So, what are these functions and why do they help? Let me show you some of the effects of IF, then attempt to break down the physiology of fasting to help you understand how IF leads to these effects. I want to point out that IF is NOT for everyone. I will get to that more later, but please read through this whole thing before jumping on the IF train too quickly. There can be some rather big consequences for folks that try IF out without understanding why they are doing it and what it is doing to their body. Remember, fasting is a stress on the body. You need to be healthy enough to handle the stress in order to reap the benefits.

Intermittent Fasting Effects:

  • Anti-aging properties
  • Autophagy
  • Weight loss
  • Increased Insulin sensitivity
  • Increase in growth hormone, noradrenaline
  • Fat-burning adaptation and ketone utilization efficiency
  • Decrease in body fat
  • Protect against diseases like Parkinson’s and Alzheimer’s
  • Improve metabolic markers (cholesterol, blood pressure,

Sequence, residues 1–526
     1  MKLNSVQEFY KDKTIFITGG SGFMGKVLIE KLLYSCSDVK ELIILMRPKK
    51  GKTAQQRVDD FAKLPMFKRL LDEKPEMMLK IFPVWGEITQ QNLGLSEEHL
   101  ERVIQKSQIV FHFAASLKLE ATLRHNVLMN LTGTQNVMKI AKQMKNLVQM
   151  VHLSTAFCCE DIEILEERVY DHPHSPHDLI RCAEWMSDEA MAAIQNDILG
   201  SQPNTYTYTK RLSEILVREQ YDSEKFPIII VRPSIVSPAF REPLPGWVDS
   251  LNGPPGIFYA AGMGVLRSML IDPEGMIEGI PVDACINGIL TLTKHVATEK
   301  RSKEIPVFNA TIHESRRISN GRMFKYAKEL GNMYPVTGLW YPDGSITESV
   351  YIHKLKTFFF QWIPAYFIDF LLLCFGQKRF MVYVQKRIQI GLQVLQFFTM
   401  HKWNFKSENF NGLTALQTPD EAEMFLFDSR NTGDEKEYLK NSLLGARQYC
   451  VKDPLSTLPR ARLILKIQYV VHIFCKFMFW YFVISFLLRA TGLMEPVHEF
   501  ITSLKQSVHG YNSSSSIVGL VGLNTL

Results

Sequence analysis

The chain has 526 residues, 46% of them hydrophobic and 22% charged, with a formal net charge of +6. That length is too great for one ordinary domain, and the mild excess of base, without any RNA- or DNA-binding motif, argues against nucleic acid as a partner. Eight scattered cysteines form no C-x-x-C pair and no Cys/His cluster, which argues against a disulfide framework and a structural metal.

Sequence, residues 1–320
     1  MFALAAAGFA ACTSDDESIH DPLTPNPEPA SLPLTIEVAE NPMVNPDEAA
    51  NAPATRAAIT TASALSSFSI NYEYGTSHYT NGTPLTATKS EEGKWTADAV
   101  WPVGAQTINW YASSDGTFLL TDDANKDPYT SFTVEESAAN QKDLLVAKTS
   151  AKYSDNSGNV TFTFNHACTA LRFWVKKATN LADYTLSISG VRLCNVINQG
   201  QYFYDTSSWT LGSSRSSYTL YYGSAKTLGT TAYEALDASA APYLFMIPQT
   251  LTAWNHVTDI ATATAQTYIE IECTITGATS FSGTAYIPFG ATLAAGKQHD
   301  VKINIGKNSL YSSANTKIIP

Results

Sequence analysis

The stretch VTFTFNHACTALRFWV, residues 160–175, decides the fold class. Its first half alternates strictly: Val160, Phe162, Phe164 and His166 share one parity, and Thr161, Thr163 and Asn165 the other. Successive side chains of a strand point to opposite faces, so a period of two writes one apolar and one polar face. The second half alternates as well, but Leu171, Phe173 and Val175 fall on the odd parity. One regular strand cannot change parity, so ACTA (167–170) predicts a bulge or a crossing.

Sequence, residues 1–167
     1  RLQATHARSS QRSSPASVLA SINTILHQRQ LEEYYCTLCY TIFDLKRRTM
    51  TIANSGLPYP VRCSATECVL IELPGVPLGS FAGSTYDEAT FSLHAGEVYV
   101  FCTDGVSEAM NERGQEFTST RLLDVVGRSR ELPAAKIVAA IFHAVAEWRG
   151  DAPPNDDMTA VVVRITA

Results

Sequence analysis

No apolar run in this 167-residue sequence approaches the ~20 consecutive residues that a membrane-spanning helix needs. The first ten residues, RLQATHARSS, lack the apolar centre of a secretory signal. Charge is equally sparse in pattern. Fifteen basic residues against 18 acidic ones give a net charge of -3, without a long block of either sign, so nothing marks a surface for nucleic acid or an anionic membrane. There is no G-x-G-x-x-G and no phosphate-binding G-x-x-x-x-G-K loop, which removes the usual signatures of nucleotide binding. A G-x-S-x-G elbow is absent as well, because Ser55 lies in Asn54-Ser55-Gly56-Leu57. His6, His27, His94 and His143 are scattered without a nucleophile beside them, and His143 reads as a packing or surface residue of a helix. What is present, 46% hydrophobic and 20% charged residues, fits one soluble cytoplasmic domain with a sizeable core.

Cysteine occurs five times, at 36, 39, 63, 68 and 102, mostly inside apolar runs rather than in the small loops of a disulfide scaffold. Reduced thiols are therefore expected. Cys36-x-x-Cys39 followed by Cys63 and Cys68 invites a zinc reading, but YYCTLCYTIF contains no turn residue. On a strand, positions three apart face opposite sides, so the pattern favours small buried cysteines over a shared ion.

Alright, so let’s take a look at what happens to your body when you fast. To be clear, when I am referencing fasting, I mean not eating ANYTHING caloric for the given time. So, for the first 24-36 hours you used up your easily accessible glucose and have tapped into your glycogen stores. You started your fasted state about 12 hours post-meal, but are not entirely relying on ketones for fuel yet. After about 36 hours, you start tapping into some fat stores and begin to breakdown protein (I want to note that though this particular timeline notes protein breakdown now, you may still get some of these effects with a shorter fast too).  There is a pretty large misconception that this is such a terrible thing for people, because OF COURSE you don’t want to breakdown protein in your body, right? All the hard work in the gym all gone to waste once you start fasting because your body begins to break it down? Well, it turns out that muscle is not the protein your body goes after first. Your body is breaking down other tissues that are ready to be cleared. Jason Fung, a [trainer? Doctor?], has noted that patients of his that lost significant amounts of weight through fasting did not end up with a lot of loose skin. The body actually broke down and utilized that would-be-loose-skin tissue for fuel in periods of fasting. Believe it or not, our bodies are SUPER good at finding cells that aren’t providing a lot of function and “cleaning house” by “eating itself”. This process is called autophagy. (You can learn more about this by reading/watching the Jason Fung interview referenced at the end of this post).